I don’t think I could have a life of just work and no play, although it can be really tempting to work all the time when you love what you do and you’re passionate about being successful. I find that with my work, some weeks are more full-on than others, but I don’t mind as long as I don’t end up burnt out. I do always try to give myself at least one day a week to just enjoy life and not work. I also make sure to ease off a little in the evenings after tea, and put on a film or bake, or have a nice long bath. Being sure to give myself time to do the things I sometimes crave whilst working can lessen the need to procrastinate.

Sometimes I give in

Sometimes, you’ve just got to give in to the need. It can be kind of obvious when you do need to just step back and let yourself have a longer break, or even just finish work for the day a little earlier. If you’re truly not getting anything done, and your mind really is elsewhere then it really is okay to give in and watch the tv, or play a game. Just learn to gauge when you have to do this, it shouldn’t be all the time.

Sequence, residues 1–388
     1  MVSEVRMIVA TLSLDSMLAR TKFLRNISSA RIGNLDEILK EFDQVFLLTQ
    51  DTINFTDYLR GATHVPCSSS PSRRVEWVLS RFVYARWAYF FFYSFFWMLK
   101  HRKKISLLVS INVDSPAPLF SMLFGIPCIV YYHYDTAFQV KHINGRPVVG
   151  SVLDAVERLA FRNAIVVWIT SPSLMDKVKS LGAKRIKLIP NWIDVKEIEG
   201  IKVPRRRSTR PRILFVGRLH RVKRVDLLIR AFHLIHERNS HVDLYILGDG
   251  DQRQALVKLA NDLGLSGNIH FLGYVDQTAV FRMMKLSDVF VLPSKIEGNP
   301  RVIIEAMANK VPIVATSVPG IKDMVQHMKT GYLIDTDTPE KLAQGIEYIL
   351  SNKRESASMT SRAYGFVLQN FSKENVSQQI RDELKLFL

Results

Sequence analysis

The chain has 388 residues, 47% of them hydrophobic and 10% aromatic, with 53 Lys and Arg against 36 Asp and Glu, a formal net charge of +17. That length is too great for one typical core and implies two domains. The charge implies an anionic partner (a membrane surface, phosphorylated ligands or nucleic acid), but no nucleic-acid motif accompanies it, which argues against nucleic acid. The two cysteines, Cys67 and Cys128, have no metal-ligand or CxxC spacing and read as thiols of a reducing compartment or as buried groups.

I make sure to socialise and have hobbies.

If work was all I ever did, I probably would end up on the procrastination train much more. I love that I have a life outside of my work, the variety that my interests bring makes me sure that my work remains exciting, something that I want to do with my life. I also give myself the time to see my family and friends, and have a day off with my partner. My hobbies include singing, baking, walking, reading and cycling, and I love making sure that I have the time to do all of this so I’m less likely to become unfocused or bored in my work.

So, there are some of the things that cause me procrastination, and some of the ways I avoid it. I hope it helps you. I want to remind you though, that it’s still okay to have those days where all you want to do is play Animal Crossing or have a movie marathon. Realistically, life is pretty short, so you’ve still got to incorporate what makes your soul happy. It’s okay to be strict with yourself too, and refuse to give in to procrastination, when you know that your hard work will pay off and make you proud of your achievements. It’s all dependent on how well you know yourself and the boundaries that you can set and stick to.

Published by Amy Ollerton

Hi! I'm Amy—a professional copy editor and proofreader living in the beautiful Scottish Highlands. I provide friendly, personalised services that boost writing while retaining the author's unique style and voice. I write a little myself, shown through my blog. Alongside my work, I read books, enjoy baking, and explore the Highlands with my partner and my dog, Lula. If you've ever any editing queries, feel free to get in touch!